Published August 21, 2015
Benedict was recognized for excellence in scholarship and creative activities, and Bradford was honored for excellence in teaching.
Benedict, one of the top three experts in his field worldwide, is recognized for his influential research in psychological, behavioral and cognitive attributes of multiple sclerosis (MS).
His landmark 2004 and 2005 studies, published in the Archives of Neurology and the Journal of Neurological Sciences, were the first to show that cognitive dysfunction is the most important predictor of vocational disability for MS patients, and implicate the deep gray matter in predicting the presence of cognitive dysfunction in this population.
Benedict's research has challenged traditional MS knowledge and is transforming the way clinicians and researchers think about MS disease activity.
A faculty member since 1992, Benedict directs an outpatient neuropsychology practice at Buffalo General Medical Center and an inpatient consultation service at Erie County Medical Center. He is a consultant to the NHL and NFL for neuropsychological consultations of head trauma.
Benedict has nearly 200 publications, many of which have been cited more than 100 times. Two of his memory tests, the Brief Visuospatial Memory Test Revised and the Hopkins Verbal Learning Test Revised, are widely used in the areas of MS, head injury and schizophrenia; both are used by the NHL and NFL.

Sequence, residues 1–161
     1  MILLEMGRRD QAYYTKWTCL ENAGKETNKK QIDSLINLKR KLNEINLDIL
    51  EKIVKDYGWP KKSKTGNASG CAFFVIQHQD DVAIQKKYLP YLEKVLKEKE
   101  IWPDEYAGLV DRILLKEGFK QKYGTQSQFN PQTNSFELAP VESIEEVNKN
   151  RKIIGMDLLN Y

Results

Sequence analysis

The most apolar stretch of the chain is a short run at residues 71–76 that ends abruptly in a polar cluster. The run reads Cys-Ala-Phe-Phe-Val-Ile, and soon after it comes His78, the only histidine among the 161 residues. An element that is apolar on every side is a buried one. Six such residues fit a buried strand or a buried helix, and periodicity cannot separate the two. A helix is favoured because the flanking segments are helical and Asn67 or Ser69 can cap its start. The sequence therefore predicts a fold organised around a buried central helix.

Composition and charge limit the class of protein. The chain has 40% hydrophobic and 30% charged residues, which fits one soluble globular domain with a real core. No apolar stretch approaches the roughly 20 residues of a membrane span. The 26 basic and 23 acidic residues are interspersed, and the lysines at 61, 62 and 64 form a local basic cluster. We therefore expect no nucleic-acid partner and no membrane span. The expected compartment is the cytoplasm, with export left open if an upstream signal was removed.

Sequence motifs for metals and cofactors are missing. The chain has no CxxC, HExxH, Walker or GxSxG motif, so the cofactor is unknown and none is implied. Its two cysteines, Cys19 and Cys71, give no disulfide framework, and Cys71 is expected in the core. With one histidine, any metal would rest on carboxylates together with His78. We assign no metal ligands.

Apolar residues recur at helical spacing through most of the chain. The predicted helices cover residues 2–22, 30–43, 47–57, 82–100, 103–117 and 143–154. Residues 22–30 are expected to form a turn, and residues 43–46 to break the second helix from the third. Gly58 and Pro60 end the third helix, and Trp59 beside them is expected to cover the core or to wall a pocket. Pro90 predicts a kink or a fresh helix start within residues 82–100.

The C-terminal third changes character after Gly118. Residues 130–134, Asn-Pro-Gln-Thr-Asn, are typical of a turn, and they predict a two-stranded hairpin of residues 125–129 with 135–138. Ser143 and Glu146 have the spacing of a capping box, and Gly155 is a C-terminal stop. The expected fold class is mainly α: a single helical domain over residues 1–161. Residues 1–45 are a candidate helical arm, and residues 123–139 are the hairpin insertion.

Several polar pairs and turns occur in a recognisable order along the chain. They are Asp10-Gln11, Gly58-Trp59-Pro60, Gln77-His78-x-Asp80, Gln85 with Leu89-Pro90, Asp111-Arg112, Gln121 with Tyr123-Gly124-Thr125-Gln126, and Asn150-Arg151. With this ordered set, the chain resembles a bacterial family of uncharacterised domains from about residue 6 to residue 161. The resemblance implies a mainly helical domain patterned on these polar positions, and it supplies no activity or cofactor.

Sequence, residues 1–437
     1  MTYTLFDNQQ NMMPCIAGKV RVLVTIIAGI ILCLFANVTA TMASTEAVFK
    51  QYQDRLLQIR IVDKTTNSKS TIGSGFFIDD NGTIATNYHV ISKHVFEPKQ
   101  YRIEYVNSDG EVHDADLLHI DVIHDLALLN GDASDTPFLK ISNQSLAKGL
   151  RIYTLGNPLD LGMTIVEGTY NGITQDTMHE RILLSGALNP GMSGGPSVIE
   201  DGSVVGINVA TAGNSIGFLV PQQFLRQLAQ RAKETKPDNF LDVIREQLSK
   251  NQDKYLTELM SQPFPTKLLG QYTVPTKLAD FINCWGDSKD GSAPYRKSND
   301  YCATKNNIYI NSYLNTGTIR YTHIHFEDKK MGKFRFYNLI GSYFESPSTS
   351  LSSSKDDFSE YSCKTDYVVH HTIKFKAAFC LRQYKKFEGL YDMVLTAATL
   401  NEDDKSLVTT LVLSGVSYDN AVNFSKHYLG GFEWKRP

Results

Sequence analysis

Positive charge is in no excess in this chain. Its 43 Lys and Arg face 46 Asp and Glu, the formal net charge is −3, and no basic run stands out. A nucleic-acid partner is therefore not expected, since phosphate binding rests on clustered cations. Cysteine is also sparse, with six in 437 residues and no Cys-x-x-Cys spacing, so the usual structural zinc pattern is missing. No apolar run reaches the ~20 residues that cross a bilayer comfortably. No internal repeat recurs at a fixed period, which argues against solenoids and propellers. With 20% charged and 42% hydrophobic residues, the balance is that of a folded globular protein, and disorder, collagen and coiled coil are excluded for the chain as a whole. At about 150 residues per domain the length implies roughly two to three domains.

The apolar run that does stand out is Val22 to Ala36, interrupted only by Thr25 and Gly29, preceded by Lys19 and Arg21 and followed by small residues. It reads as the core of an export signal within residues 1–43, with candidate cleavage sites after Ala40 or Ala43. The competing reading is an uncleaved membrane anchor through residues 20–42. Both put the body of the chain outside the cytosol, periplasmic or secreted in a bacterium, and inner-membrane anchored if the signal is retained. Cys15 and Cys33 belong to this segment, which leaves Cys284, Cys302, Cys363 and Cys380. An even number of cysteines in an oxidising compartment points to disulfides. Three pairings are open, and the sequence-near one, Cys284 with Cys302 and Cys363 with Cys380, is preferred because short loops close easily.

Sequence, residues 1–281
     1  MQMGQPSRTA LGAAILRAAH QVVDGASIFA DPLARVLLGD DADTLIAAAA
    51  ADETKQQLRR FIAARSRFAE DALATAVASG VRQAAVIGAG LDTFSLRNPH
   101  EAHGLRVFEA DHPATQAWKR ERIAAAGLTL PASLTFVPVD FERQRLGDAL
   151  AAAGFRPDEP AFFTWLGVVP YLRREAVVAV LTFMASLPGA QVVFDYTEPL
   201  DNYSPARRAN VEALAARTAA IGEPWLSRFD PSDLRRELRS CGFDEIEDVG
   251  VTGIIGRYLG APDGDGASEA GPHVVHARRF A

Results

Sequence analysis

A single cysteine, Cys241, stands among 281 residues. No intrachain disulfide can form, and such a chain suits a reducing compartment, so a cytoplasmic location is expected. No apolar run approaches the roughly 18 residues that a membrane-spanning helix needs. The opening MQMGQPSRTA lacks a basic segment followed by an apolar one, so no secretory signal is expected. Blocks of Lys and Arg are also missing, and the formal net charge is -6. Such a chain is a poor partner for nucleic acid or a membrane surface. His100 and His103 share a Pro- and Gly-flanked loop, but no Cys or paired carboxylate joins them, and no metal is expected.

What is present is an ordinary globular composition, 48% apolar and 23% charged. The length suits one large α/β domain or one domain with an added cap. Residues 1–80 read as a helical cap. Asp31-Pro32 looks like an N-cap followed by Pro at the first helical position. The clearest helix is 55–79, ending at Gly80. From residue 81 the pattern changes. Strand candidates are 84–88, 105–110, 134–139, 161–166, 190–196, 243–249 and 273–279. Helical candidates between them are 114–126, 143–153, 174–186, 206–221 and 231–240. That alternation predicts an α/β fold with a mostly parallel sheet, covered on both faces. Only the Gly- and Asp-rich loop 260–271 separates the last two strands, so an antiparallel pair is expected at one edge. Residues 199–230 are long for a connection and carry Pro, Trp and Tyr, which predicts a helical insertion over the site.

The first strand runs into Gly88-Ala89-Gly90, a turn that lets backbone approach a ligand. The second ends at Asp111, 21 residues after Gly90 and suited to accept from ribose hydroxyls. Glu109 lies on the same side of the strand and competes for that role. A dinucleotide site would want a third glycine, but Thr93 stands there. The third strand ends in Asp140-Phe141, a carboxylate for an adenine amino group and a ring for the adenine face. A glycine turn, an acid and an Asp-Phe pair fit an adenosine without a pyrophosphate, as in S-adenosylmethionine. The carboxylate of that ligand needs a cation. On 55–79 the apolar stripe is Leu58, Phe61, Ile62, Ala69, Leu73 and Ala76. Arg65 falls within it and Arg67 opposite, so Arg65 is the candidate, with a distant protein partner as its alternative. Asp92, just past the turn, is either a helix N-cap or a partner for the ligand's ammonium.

Benedict’s research is typically funded by pharmaceutical companies and competitive awards from the National Multiple Sclerosis Society. Over the past five years his funding has totaled $2.25 million.
Bradford not only has been primary thesis adviser for four doctoral students and two master’s students, but he has also trained more than 20 students in his laboratory. That group includes students from minority apprenticeship programs, undergraduate research and the NYS Summer Institute for Science and Mathematics.
His course evaluations rate him among the top instructors during every term. Students regularly comment on how passionate, engaging, approachable and knowledgeable Bradford is as an educator.
Nationally and internationally recognized authority in endocrine pharmacology and signal transduction, Bradford’s research focuses on how hormones and nutrients affect cell growth in bone osteoblasts and breast normal epithelial cells and cancers of both tissues.
Nationally, he has been invited to make 23 presentations of his research findings at national venues such as Yale University and the American Association for Dental Research.
Internationally, Bradford has presented invited talks at locations including Beijing Medical University and WCTF Television Canada.
Bradford also co-founded the American Society for Pharmacology and Experimental Therapeutics New York Pharmacology Society in 2010. The annual meeting is a showcase for undergraduate, graduate and postdoctoral research presentations from upstate New York and Canada.